The Government has secured 80 million dollars to undertake massive infrastructural development in the Polytechnics towards developing the requisite manpower to sustain the middle income economy the country has achieved.

Consequently, it has urged all Polytechnics to liaise with industry to enable them to design, expand and diversify courses that are relevant to facilitate industrial growth to sustain the gains made so far.

Mr Mahama Ayariga, Deputy Minister of Education, who announced this at the Seventh Congregation of the Cape Coast Polytechnic at the weekend indicated that the focus would be on vocational and technical training, which have been identified as engines for national growth.

It is in this direction that all technical departments, laboratories, workshops and training centres in the polytechnics would be fully equipped and upgraded to propel national growth, he declared.

A total of 1,017 students, including 346 women, who completed courses in various disciplines such as Business, Engineering and Applied Sciences in 2009, graduated.

He said the government considers Polytechnic Education very important and would do everything within its reach to develop it to the fullest.

Mr Ayariga, therefore, urged industry to partner government in its quest to improve infrastructure in those institutions.

The Overall Best Building Technology Graduate for 2009, Mr. Yahaya Yakubu Tanko, received the Bamfo-Agyei Excellence Award while the Best Female Construction Graduate Award for that year, Ms Mercy Tebepah had the Agnes Boham Excellence Award.

They obtained First Class and Second Class Upper divisions respectively and each received one 100 dollars.

The Deputy Minister pledged the government’s commitment to the welfare of Polytechnic Teachers’ saying it was in consultation with its professional association, POTAG, the Fair Wages Commission and the other stakeholders to ensure that their salaries are migrated unto the Single Spine Salary Structure (SSSS) devoid of anomalies to forestall problems.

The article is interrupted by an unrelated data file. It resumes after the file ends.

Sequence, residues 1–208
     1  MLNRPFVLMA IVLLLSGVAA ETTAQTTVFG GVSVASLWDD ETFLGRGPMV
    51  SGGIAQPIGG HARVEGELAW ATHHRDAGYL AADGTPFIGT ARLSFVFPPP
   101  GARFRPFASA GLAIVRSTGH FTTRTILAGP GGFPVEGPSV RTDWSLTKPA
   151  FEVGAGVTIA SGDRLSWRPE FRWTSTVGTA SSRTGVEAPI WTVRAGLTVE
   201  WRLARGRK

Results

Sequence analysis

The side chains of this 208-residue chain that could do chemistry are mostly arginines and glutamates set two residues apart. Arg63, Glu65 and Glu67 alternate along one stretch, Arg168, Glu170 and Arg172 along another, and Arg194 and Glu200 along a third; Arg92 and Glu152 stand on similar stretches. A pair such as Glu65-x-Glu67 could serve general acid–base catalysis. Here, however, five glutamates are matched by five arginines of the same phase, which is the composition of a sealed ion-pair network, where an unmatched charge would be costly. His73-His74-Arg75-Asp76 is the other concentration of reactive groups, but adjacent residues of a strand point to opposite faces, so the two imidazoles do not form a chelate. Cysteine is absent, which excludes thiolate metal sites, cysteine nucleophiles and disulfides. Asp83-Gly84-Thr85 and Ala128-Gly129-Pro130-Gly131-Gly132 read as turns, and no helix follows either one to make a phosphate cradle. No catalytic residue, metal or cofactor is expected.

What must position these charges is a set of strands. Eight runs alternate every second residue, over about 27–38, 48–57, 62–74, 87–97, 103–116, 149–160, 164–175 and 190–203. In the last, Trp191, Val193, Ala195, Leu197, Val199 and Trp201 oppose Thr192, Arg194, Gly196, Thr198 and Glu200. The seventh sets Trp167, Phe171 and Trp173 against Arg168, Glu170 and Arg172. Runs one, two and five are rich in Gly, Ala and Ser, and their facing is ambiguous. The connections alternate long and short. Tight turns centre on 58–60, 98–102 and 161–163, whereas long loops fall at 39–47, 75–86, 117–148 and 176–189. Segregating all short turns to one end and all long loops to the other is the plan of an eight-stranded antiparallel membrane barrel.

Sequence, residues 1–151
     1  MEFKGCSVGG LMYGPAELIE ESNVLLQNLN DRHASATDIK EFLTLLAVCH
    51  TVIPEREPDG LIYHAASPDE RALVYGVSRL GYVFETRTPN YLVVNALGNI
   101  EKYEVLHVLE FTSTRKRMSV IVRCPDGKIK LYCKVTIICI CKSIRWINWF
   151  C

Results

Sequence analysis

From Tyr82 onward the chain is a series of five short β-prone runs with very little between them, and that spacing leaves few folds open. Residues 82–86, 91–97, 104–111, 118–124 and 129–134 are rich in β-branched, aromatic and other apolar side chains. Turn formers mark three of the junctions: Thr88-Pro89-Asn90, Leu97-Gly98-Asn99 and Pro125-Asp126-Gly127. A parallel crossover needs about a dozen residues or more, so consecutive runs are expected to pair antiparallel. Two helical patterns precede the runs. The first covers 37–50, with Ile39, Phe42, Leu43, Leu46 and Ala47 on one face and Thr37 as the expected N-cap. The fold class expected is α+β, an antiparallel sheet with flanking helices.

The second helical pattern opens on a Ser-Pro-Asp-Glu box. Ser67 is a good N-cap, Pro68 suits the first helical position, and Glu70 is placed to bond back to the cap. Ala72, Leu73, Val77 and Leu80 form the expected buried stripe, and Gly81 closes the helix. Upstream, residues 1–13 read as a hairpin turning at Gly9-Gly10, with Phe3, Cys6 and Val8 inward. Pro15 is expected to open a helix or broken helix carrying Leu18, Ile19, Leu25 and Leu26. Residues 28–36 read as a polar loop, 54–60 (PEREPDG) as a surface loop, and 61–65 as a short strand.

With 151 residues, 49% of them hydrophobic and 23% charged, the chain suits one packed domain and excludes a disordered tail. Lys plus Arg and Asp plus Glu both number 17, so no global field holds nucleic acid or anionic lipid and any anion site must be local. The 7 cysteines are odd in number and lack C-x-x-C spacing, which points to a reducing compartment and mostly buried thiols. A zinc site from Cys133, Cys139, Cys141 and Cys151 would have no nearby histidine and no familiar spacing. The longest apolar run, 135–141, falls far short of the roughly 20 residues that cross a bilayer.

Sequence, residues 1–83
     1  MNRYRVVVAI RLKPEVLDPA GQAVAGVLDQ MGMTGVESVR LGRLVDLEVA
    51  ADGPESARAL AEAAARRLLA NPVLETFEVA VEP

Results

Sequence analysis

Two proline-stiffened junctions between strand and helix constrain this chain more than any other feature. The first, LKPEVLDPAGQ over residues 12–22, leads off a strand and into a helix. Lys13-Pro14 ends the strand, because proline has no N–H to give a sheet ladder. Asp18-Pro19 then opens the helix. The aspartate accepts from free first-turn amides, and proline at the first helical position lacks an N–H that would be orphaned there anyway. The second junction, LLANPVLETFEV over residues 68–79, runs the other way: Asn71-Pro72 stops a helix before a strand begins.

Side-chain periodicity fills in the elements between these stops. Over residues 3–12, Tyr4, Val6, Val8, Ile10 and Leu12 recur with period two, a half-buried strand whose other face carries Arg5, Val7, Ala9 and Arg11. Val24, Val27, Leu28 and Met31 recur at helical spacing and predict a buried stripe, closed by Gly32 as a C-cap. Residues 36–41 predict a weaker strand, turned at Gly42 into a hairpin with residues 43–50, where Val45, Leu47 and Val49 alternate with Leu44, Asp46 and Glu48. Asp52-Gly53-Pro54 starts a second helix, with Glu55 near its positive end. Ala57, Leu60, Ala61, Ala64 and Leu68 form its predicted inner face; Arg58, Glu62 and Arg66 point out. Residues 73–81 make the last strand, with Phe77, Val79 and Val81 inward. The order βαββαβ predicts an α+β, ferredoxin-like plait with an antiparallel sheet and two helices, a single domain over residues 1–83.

The Acting Rector of the Cape Coast Polytechnic, Mr. Augustus Marx Koomson, enumerated a number of interventions put in place to help produce quality middle level manpower for the country, including sponsorship packages provided for staff to upgrade themselves.

He called for collaboration between the institution and industry both locally and internationally to enable it to realize its dream of training students for the new oil and gas industry.

Mr. Koomson challenged the graduates to perform creditably and also be disciplined on securing jobs to attract financial support for the Polytechnics while they created avenues for their colleagues to readily get jobs on the market.

The Chairman of the Cape Coast Polytechnic Council, Dr. Francis Cobbina, for his part, said to be abreast with the times the Polytechnic faculties must become more proactive and design curricular and programmes that would offer the best form of training for the students.

“Polytechnics must go beyond the classroom and explore through the power of modern ICT, the internet and other electronic modes of knowledge acquisition,” he advised.

He also advised students to explore the “uncharted paths” because the days when they took their teachers’ notes and lectures without additional research “are gone forever”.

Dr. Cobbina expressed concern about the poor conditions of service of Polytechnic teachers and called for a fast track processing of their conditions of service to avoid needless industrial disputes.



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